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Have some questions about the Scotch Whisky industry? We've got you covered.

What is Scotch Whisky?

Scotch Whisky is a distilled spirit made in Scotland from cereals, water and yeast.  Find out more here.


What does 'whisky' mean?

The term 'whisky' comes from the Gaelic 'uisge beatha' or 'usquebaugh', meaning water of life.


Which spelling is correct - whisky or whiskey?

Production and maturations of whisk(e)y is governed by law, not the word. Scotch Whisky and Irish Whiskey are often distinguished in spelling.  American whiskey is usually spelt with an 'e', while English, Welsh, Japanese and most other world whiskies are not.

How many different categories of Scotch Whisky are there?

There are five categories of Scotch as follows:

What is Blended Scotch Whisky?

Almost nine out of 10 bottles of Scotch enjoyed around the world are Blended Scotch Whiskies - a blend of Single Grain and Single Malt whiskies. This category is the foundation of the industry and the art of the Master Blender, combining up to 60 different Scotch Whiskies, is a skill which is revered. The aim of the blender is to produce a whisky of a definite and recognisable character, and that the blend should never vary from this standard, which customers all over the world will have come to enjoy and love.

Why do whiskies produced in different distilleries vary in flavour?

There are five Scotch Whisky regions - Campbeltown, Highland, Islay, Lowland and Speyside. Each has region has unique characteristics which impact the flavor of the Scotch. Other factors include the size and the shape of the still, with a taller still producing a spirit that is often lighter in character. Maturation is also key to the final flavor of the whisky, with the age of the oak a factor in the flavor imparted into the spirit.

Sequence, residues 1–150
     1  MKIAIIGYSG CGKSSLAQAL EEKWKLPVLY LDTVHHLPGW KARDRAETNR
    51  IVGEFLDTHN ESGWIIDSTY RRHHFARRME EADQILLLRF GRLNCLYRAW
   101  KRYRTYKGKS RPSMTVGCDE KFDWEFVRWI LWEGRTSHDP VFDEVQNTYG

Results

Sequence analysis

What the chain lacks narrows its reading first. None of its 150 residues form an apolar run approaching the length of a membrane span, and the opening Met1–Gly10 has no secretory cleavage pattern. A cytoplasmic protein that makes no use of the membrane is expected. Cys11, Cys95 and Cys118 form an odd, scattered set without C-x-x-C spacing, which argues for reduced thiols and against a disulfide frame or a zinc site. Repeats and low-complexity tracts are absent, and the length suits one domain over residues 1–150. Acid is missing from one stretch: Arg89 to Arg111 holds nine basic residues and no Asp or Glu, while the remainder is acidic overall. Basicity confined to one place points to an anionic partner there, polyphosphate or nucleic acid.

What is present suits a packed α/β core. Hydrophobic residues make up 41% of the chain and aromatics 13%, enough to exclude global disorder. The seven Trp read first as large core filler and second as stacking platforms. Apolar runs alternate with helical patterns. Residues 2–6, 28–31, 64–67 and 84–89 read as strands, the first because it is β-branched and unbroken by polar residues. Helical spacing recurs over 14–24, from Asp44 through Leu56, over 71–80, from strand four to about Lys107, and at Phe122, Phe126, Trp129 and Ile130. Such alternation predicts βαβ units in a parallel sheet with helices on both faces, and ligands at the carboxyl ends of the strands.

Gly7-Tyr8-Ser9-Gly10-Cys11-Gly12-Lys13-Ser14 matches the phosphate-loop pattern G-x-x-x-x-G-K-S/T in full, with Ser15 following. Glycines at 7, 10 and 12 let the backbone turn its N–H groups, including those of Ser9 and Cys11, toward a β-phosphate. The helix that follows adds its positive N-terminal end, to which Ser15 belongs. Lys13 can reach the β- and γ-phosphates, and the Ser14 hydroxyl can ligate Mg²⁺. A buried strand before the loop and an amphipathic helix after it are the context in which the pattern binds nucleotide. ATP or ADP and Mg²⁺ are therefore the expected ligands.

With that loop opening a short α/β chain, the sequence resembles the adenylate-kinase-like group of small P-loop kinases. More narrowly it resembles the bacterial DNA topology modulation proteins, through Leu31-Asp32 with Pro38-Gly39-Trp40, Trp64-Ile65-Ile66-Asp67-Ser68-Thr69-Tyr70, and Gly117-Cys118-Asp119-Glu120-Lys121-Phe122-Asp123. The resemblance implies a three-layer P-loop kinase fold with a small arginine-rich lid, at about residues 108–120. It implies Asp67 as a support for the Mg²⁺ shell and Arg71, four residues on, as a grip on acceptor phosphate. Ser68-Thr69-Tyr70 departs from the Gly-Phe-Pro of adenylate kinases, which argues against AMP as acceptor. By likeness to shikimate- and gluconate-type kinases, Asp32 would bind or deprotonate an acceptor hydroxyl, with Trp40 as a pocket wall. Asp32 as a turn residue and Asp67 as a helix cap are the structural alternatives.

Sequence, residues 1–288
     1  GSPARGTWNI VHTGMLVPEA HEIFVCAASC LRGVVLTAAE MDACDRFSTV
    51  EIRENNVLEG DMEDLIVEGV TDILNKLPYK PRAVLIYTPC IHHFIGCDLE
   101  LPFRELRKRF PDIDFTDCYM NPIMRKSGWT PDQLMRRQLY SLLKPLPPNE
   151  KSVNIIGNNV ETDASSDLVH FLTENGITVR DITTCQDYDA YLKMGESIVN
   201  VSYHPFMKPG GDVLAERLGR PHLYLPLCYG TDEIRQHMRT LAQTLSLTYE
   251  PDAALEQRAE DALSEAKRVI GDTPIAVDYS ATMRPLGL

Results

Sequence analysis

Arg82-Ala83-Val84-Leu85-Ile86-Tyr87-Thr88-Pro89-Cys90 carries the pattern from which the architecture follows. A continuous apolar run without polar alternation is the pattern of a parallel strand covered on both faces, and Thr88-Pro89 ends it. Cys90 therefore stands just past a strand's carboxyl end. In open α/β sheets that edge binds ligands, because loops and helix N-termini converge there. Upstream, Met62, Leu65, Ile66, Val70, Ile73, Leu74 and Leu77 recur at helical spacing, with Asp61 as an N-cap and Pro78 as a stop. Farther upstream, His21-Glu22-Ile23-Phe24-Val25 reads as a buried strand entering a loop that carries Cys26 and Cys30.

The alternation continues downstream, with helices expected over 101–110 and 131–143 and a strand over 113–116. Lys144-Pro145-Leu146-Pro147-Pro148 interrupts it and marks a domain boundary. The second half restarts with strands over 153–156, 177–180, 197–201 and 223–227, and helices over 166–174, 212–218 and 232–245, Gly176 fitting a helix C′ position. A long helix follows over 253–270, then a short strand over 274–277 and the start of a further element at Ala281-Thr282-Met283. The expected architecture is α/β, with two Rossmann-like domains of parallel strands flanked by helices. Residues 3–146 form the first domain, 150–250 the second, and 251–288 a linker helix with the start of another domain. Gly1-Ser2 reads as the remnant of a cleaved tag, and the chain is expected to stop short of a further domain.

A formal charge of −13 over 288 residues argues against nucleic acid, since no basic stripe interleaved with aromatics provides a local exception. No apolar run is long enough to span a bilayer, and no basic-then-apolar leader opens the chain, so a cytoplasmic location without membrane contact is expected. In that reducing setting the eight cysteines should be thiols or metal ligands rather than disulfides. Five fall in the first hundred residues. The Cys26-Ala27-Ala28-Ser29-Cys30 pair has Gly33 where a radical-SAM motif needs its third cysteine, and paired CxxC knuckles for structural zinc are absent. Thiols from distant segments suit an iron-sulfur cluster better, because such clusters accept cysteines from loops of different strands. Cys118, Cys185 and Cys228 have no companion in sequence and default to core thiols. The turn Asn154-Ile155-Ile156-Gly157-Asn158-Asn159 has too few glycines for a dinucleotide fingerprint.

Why are there only five whisky producing regions defined in the Scotch Whisky Regulations?

It has long been customary to sell Single Malt Scotch Whiskies accompanied by a locality or regional geographical name to indicate where they were distilled. To protect and promote these names, UK legislation, the Scotch Whisky Regulations 2009, define the five major traditional locality and regional geographical indications, which are “Highland”, “Lowland”, “Speyside”, “Islay” and “Campbeltown”. “Campbeltown”, “Speyside” and “Islay” are also within the Highland region and distillers in these areas have a choice which descriptions to use. These regional names can be used to supplement the category descriptions used for Scotch Whisky on labels, such as “Islay Single Malt Scotch Whisky” if all the whisky was distilled there.

Although only the five traditional localities and regions have been defined and protected in the Scotch Whisky Regulations 2009, it is still permitted to use, in the same way, another Scottish locality or regional name as long as the Scotch Whisky was entirely distilled in that place. “Fife Single Grain Scotch Whisky” and “Orkney Blended Malt Whisky” are examples of other names which could be used for whisky distilled in those places.

It has become common for some to talk about “Islands” whiskies, but “Islands” is not a Scottish place or Scottish regional name and therefore cannot be used as a description to supplement the category name.


Some Scotch Whiskies have a smoky flavour.  What causes this?

The smoky flavour of certain Scotch Whiskies originates from the peat fire over which the barley is dried, prior to grinding and mashing.

What is meant by the term 'finishing'?

Scotch Whisky must be matured in oak casks for a minimum of three years, and is often matured much longer. 'Finishing' is an extension of the maturation process, when the spirit is subsequently filled into empty casks that previously held other wines or spirits for a further relatively short period at the end of maturation.

The cask used for finishing must have been drained of any liquid prior to its use and any change in the spirit will therefore result from its interaction over time with the wood of the cask.

Is there a "correct" way to drink Scotch Whisky?

First, Scotch Whisky should always be consumed responsibly.